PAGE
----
Consecutive suicides of
potato farmers in West Bengal
have shaken the conscience of the people. What is particularly cruel is the attempt on the part of Trinamul Congress (TMC) politicians and ministers to attribute the suicides to reasons other than economic losses due to the failure to obtain the minimum remunerative price. An unimpassioned examination of the issue is hence essential.
An acre of good potato land usually yields 100 to 120 quintals of potato, and the cost of cultivation, including the labour cost, is at least Rs 50,000. Hence a farmer should get at least Rs 500-600 per quintal if he is to avoid losses, if not to make profits. Right now, in the mofussil areas of West Bengal, potato is being sold at Rs 5 per kilogram at retailers’ shops, clearly implying that farmers get not more than Rs 3 or Rs 4 per kilogram, if the profits of the wholesaler and the retailer are taken into account. Hence a farmer, who spends so much time and energy on the cultivation of potato, finds that even the costs incurred are not recovered. What is now his option? Many farmers take loans from local money lenders or traders for cultivation, and in order to repay them, they have to resort to distress sales. Of course, repayment of loans is not the only compulsion behind distress sales. Like all other people, potato farmers too have to maintain their families, and have to sell their crops in order to meet their daily expenses. If prices are frightfully unremunerative, they suffer from capital losses and are finally led into a debt trap.
One solution is government purchase through agents. If the farmers are offered a minimum support price of Rs 7-8 and the government purchases their produce, they can avoid this fate of suicide. But how should the government purchases be disposed of? One way is to release this stock in the summer or the rainy season or the autumn when the price of potatoes goes up significantly. In situations of overproduction, this may not be a happy solution. The other way is to export this stock to regions that do not have enough supplies of potato compared with the demand. But how far that is feasible is another question.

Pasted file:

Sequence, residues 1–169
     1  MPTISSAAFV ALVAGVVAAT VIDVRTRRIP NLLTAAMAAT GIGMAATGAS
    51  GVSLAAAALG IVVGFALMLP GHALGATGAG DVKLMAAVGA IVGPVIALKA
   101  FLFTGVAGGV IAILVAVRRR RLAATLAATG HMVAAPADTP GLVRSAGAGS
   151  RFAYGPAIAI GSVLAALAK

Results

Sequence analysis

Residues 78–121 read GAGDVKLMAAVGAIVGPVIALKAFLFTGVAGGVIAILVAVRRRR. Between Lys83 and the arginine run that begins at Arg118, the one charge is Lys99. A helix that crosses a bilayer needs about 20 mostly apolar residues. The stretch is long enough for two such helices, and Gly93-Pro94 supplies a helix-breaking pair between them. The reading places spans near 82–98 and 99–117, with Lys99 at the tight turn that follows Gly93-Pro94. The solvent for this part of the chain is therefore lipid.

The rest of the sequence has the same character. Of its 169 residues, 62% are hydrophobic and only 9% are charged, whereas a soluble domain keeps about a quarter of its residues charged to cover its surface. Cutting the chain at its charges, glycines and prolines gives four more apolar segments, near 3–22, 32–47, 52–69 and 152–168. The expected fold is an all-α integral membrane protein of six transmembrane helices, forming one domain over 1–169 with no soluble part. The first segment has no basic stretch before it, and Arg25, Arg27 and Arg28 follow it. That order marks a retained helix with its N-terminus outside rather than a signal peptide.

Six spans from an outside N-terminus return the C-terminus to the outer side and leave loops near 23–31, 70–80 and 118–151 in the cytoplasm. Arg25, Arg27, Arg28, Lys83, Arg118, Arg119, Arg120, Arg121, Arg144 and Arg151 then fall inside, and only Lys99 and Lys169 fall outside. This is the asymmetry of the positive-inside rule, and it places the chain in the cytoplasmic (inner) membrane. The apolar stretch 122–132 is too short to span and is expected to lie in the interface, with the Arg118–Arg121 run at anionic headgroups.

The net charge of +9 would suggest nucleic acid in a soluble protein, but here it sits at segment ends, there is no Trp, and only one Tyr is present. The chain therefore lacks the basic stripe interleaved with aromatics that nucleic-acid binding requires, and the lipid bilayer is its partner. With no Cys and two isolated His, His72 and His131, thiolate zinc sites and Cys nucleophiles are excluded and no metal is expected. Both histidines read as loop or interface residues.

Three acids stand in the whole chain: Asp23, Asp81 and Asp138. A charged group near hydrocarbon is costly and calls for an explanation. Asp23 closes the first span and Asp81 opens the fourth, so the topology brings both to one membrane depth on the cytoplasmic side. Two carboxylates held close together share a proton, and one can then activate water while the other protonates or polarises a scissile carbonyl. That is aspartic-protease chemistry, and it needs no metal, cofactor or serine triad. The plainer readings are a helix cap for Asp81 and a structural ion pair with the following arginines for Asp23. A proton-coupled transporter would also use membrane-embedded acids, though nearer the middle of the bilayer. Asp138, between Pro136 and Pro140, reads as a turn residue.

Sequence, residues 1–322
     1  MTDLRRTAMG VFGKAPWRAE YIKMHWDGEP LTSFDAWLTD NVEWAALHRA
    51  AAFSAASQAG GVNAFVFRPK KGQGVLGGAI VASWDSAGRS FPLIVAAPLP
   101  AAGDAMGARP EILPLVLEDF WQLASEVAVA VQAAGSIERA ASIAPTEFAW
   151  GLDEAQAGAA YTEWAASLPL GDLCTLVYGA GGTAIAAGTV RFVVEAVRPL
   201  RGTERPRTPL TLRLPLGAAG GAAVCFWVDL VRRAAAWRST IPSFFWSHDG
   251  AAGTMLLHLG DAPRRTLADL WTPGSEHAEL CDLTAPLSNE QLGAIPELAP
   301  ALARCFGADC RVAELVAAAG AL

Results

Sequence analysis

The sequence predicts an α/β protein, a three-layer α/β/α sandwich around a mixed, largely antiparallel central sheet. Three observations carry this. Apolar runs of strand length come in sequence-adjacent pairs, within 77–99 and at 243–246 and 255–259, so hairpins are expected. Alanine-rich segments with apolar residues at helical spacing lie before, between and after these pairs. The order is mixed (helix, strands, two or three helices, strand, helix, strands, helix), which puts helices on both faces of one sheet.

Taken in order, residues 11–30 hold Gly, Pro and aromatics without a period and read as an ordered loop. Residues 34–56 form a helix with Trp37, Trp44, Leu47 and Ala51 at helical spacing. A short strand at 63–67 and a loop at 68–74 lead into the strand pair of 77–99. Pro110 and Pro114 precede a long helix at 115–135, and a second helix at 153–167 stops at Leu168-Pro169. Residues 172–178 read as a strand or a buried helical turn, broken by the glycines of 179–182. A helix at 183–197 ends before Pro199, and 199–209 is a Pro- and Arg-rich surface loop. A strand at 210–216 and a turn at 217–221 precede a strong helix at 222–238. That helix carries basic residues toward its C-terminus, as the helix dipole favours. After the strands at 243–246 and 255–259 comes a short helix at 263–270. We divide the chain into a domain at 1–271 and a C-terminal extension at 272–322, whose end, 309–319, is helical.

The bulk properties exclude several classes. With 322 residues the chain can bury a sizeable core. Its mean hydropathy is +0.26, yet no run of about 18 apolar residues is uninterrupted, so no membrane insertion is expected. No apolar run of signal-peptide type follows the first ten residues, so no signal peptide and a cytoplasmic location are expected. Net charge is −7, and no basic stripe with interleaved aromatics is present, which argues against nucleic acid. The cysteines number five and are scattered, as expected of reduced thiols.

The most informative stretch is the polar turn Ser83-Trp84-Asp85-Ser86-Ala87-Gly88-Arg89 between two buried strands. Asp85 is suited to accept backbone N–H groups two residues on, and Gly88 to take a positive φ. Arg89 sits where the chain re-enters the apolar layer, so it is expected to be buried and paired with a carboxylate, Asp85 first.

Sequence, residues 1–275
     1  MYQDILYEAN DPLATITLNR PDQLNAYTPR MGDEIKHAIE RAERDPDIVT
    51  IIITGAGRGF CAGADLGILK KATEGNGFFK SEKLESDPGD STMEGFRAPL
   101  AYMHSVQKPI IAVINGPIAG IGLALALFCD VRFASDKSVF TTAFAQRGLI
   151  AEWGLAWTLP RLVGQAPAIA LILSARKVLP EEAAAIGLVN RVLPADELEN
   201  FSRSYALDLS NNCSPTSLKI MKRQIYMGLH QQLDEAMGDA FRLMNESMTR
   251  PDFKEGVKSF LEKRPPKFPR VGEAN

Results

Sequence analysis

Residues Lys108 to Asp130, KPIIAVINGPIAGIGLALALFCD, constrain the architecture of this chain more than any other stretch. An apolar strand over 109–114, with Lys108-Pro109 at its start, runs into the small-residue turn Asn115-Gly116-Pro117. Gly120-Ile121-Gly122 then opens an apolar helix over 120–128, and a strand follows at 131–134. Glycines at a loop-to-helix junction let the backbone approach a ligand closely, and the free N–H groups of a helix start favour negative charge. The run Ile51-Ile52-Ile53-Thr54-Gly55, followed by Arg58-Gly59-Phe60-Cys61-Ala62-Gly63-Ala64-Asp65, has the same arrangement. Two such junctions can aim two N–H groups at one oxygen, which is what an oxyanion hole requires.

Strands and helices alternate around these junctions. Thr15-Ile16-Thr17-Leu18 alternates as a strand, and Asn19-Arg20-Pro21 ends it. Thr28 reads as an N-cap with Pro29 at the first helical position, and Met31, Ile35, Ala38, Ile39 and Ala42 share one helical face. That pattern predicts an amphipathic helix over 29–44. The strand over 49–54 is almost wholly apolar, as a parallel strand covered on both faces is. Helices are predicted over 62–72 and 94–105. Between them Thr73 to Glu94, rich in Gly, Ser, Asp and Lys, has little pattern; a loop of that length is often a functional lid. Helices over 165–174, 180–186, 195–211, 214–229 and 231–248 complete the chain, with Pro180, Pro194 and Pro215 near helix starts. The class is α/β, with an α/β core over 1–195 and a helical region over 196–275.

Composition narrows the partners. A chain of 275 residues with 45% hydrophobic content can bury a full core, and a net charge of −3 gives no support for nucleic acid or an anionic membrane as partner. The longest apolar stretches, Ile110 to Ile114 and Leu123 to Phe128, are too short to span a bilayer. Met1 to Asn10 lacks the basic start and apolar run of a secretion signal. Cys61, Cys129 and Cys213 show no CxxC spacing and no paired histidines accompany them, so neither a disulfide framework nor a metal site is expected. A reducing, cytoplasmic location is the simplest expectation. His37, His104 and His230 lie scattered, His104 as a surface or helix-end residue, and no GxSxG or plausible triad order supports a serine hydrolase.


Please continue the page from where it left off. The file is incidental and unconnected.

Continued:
A third point concerns the size of the market. The market must be expanded in order to deal with the problem of overproduction. This expansion requires the increase of the purchasing power of the masses, particularly of these marginalised sections for which potato is an important food item. These sections cannot generally spend more than Rs 25 or 30 per capita per day. Right now, potato is virtually their only vegetable, because its price is much lower than even pumpkin or brinjal. If the spending ability of these classes can be raised to Rs 40-50 per capita per day at current prices, which is still much lower than the all-India per capita expenditure, they can afford to purchase enough potatoes at Rs 7-8. The quantities they can afford at Rs 5 per kg at their existing level of income will also be affordable, at the higher price if their real income is raised. In that case, the question of 'excess supply' loses its significance, because the excess supply at Rs 5 per kg evaporates at Rs 7 or 8 per kg. Hence the permanent solution lies in broadening the internal market by raising the income of the people, not through doles or charities, but through productive employment.
While writing this note, this correspondent has incidentally sighted an editorial of one of the leading English dailies of the country. The editorial suggests that the solution to the problem of potato farmers should be left to the market. 'The experience of the market is neither smooth nor comforting, but for the best results and for long-term prosperity and development, it is best to let the market correct itself and develop its own defense mechanisms. This will take time and patience, but there is just no magic short-cut'. (The Telegraph, 17 March) This comment has been made in the context of a PIL filed at the Calcutta High Court. The columnist is clearly indifferent to the reality that before such an adjustment takes place—in case of potato farmers, the period of adjustment is by no means less than one year—many cases of suicide and pauperisation inevitably occur if the farmers do not get a price enough to cover the cost. The price of market-based adjustment is thus suicide and pauperisation. Hence it is not an exaggeration to say that this editorial which is ostensibly against judicial activism in this regard, is a glaring example of the dehumanizing impact of market obsession on the minds of the ellite bhadrolok. It is, however, more comforting to hold forth on the virtues of the market than to come forward to protect distressed farmers. Meanwhile, Calcutta High Court has broken its silence. "The government cannot shut its eyes to the situation". Thus observed the Division Bench of Chief Justice Manjula Chellur of Calcutta High Court, while hearing a Public Interest Litigation (PIL) seeking the fixing of a minimum support price of potatoes.
Vol. 47, No. 38, Mar 29 - Apr 4, 2015